If you frequently use AirDrop on the Mac to send and receive files between Macs or to and from iOS devices, you may appreciate having ultra-fast access to AirDrop by having it readily available from the Dock of Mac OS.
By using a little file system trick, you can gain direct access to AirDrop through the Mac Dock, rather than having to use the Finder to navigate to the file sharing feature. This guide will walk through how to set that up on Mac.
Obviously the Mac must support AirDrop to be able to use the feature, let alone have access to it. Nearly every vaguely modern Mac supports AirDrop, and all modern MacOS operating systems support the feature, so as long as you’re reasonably up to date then compatibility shouldn’t be an issue. Adding an AirDrop icon into the Dock of the Mac is achieved by locating a shortcut to the AirDrop feature and then placing it into the Dock. This is hidden by default within a system folder, but it’s easy to retrieve with the following steps:
How to Add AirDrop to the Dock on Mac
- Open the Finder of Mac OS
- Pull down the “Go” menu and select “Go To Folder”
- Enter the following directory path exactly, then hit Enter / Return to jump to that location in the file system:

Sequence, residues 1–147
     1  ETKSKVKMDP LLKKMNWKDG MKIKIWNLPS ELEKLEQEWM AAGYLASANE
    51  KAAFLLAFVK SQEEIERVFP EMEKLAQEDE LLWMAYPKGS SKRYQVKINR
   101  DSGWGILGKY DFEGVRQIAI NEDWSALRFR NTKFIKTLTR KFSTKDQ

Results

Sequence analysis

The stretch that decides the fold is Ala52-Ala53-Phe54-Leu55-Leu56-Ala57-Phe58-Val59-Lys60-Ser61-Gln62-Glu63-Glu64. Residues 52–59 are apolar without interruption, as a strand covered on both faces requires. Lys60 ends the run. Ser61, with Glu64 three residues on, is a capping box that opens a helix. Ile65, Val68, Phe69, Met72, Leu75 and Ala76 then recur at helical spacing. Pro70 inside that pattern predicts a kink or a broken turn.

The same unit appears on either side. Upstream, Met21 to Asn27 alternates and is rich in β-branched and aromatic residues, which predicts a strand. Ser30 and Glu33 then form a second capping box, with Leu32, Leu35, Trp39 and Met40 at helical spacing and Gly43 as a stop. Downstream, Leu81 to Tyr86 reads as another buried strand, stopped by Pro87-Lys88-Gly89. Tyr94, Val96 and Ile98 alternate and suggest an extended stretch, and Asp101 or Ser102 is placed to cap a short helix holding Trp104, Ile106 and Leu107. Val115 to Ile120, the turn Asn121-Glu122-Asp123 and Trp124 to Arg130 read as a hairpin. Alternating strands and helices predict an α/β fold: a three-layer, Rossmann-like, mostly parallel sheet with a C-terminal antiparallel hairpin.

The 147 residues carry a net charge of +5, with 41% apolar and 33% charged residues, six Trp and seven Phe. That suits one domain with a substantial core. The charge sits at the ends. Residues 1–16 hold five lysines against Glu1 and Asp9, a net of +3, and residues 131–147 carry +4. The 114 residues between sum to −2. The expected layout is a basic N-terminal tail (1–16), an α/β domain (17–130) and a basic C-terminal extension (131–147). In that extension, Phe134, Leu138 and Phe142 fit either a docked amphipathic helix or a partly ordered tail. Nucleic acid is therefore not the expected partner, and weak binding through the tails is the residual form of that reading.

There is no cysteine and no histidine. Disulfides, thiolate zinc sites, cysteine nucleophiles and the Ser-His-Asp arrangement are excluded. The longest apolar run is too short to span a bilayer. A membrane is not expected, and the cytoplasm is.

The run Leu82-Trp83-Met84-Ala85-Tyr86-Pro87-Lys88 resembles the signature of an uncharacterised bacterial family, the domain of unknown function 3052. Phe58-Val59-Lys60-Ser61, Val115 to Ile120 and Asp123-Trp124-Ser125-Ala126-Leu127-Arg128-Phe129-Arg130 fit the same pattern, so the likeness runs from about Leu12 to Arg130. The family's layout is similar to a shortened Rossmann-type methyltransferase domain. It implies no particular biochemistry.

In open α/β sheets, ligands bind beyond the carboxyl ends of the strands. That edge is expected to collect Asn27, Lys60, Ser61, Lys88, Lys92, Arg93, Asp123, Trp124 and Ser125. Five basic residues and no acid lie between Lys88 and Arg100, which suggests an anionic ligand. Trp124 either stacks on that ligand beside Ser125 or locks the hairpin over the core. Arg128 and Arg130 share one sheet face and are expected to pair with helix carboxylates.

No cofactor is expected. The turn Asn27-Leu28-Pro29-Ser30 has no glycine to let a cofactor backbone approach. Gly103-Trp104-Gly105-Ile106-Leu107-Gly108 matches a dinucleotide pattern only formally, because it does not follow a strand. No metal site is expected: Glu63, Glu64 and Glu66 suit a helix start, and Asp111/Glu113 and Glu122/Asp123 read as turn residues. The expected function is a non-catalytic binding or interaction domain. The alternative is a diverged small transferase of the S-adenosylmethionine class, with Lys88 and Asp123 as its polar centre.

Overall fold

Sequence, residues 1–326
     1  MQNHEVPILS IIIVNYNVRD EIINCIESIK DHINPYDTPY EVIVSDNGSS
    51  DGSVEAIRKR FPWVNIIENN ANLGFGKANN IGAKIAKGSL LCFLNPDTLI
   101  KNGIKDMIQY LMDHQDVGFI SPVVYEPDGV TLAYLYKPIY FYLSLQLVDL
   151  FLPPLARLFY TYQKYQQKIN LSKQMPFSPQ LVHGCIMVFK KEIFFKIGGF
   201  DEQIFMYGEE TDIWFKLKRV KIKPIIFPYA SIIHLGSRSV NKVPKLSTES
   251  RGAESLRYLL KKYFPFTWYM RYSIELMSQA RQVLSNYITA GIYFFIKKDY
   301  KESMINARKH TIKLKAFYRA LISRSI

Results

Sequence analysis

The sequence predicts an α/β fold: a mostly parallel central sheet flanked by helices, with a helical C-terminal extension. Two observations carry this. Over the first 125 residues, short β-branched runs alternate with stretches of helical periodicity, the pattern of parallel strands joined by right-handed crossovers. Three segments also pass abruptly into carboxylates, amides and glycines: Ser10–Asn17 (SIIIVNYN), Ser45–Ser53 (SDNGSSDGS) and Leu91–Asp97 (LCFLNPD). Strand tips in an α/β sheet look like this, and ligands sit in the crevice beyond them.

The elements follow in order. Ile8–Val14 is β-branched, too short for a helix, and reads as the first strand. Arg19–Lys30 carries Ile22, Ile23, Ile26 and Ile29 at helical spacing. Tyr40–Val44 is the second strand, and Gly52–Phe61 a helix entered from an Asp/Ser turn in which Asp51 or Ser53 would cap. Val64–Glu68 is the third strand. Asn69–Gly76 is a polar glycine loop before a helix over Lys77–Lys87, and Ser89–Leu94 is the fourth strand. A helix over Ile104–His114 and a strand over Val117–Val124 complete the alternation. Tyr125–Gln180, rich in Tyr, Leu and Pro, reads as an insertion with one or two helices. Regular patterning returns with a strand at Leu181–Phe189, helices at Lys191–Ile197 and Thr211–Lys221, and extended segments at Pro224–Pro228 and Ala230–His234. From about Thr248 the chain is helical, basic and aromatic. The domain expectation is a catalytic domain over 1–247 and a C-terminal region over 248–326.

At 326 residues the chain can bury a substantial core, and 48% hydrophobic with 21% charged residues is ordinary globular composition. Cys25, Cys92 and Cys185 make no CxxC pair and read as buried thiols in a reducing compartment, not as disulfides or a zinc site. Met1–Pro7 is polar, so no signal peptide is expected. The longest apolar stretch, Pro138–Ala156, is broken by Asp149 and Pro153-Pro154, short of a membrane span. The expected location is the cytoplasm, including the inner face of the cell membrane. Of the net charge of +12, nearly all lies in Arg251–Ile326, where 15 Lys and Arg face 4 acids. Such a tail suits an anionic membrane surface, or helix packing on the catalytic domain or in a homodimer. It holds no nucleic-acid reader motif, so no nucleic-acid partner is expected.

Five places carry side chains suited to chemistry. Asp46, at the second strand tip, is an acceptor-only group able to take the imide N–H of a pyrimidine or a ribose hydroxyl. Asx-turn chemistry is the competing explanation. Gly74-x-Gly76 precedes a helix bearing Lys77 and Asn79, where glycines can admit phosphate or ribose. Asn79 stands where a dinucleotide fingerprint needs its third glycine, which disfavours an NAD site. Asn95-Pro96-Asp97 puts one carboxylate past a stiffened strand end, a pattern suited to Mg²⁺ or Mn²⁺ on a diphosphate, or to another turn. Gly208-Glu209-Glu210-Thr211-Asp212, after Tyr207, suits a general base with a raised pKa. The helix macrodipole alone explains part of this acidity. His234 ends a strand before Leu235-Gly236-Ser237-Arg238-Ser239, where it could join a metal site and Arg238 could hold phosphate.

- Find the “AirDrop.app” application within the directory, then drag and drop Airdrop.app into the Dock of the Mac, arranging it for where you want the icon to be accessible
- Close the /CoreServices/Finder.app/Contents/ folder when finished
Now if you click on the AirDrop icon in the Mac Dock, an AirDrop window will open immediately in Finder to activate the feature, making AirDrop on the Mac ready to send and receive.
Remember, AirDrop can work to send data to and from Macs, as well as to and from iOS devices. If you’re unfamiliar with data transfer using AirDrop, the following walkthrough guides should be helpful to you:
It’s also helpful to recall that where AirDrop files go depends on the target recipients operating system, on the Mac that’s always the Downloads folder of the active user account, but in iOS it can be various places depending on the file type being sent.
Ultimately the AirDrop window accessed from the Dock this way will be the same AirDrop window you’d access in Finder when clicking on ‘AirDrop’ in the sidebar menu, or from the Go menu, or via the AirDrop keyboard shortcut, it’s just a matter of ease and speed that make adding the AirDrop icon to the Dock a helpful trick.
You may notice this is similar to how you go about adding iCloud Drive to the Mac Dock, and so while you’re performing either trick you could add another step to include that as well if it interests you.
AirDrop offers one of the easiest ways to share files between Macs and is certainly worth understanding how to use, so d